Stanislav also reported that he from time to time tries to find and attract new programmers into the ReactOS project. Recently, he tried to attract ARM enthusiasts to help with ReactOS ARM port development. He got responses from a few people and one of them looked into it and reported back the status of the ARM port.
According to him, the project compiled successfully with host tools for x86, but there are some problems. ARM HAL is literally missing and there is no support for HAL extensions, which are required for most ARM devices. The kernel is not ready, mainly there are problems with memory management, and UEFI is not fully implemented.
Apart from the above, he's working on making pages on the wiki up to date, and especially helping Can Tasan with the Community Changelog.
Victor Perevertkin mentioned he finished his side project, which consumed almost all his time so far, so he doesn't have much to report. He did organize a μHackfest with Stanislav and Alex Fails in Moscow, and he tried to address some .NET issues (one of them was resolved today - CORE-12243). Apart from the above, he did occasional work on reviewing JIRA tickets.
The other meeting participants (Aleksandar Andrejevic, Alexander Rechitskiy, Andreas Bjerkeholt, Daniel Reimer, David Quintana, Giannis Adamopoulos, Javier Fernandez, Sylvain Deverre, Sylvain Petreolle, Victor Martinez) had nothing to report or joined late.
Point 2: Web and Infrastructure Projects
Victor Perevertkin started out by presenting the "Updated developer web interface" project. As the name might suggest, it's about improving and simplifying the developer web interface, such as BuildBot and Testman. Victor searched for existing solutions and realized TeamCity looks good and appears to have all the features we need. It also has a free license for Open Source projects.
Victor also worked on adapting our master configuration to the latest BuildBot version. Unfortunately, there is a reason why we and many other projects haven't moved yet, BuildBot devs killed their only unique selling point compared to Jenkins, the clear waterfall view. We are not alone: WebKit devs have publicly outspoken to stay at 0.8.x and Chromium devs have developed LUCI, a clearly BuildBot 0.8.x-inspired continuous integration system. So we could also decide to stay at 0.8.14 now. Would certainly be the easiest and Victor Perevertkin has already figured out that e.g. multiple testers for a single builder is also possible with 0.8.x. Another alternative is also to move to Jenkins, which seems to be the industry-standard now.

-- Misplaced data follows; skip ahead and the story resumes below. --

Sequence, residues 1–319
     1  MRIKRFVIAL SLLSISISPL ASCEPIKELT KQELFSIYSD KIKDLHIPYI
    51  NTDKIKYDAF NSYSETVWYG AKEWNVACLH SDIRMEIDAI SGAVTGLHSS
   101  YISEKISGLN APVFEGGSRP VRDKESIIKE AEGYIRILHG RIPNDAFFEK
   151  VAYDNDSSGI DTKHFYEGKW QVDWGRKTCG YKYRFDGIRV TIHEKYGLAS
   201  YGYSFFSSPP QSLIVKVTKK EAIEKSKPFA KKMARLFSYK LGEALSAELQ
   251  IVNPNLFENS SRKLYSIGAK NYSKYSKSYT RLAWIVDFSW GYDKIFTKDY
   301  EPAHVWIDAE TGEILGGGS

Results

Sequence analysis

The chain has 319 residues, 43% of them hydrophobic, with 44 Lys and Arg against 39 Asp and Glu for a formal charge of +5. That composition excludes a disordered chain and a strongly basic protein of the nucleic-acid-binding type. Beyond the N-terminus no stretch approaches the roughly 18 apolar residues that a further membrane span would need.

Victor will do some more research and send a report to ros-dev.
Another web project would be the compatibility database, which used to be present on the ReactOS website, until the move from RosCMS to Drupal. The old source code can still be resurrected from web.git and Colin can provide the content of the database. After some discussions it was decided that Javier Fernandez would be available as a possible maintainer, Victor Martinez as a possible frontend designer, and Andreas Bjerkeholt would volunteer for the coordinator position in January.
Finally, Colin gave an update regarding our other infra/web services. The new Hugo-based website is not forgotten, but he was mostly busy with the infrastructure for it first. As he already stated in the August meeting, we have a METABUG for everything that needs to be done for a minimal website to go live and Pull Requests are welcome. However, he has some uncommitted changes in his tree to fix the problems introduced by the last commits (related to ONLINE-830) and for ONLINE-826. He hopes to find time to clean them up and then commit.
The new website will be multi-language, but probably not yet at day 1 when it goes live. With the infrastructure being failsafe, scripted, and up-to-date now, we can finally add new services and the first one will certainly be Mattermost. Colin had to do the infra work first to be able to provide near the same quality of service we currently enjoy with IRC. He can't give an exact timeframe yet but plans to have the instance up by next meeting in December. Afterwards, he also wants to set up a Nextcloud server for exchanging files with developers, testers, and by URL. In the past, people have been using svn.reactos.org to share files, a server which was never designed for this. The alternative was IServ, which isn't as user-friendly as Nextcloud though, doesn't provide synchronization clients, and has no plans to improve their file-sharing service. Nextcloud shall be the solution for questions like "Can you retest? I don't have this app version" or "where do we collect the Hackfest photos?". The infrastructure upgrade brought us a new server with 20TB of storage space and lots of bandwidth, so the Nextcloud instance comes at no extra cost. Download.reactos.org is already benefitting from it, and soon iso.reactos.org will as well.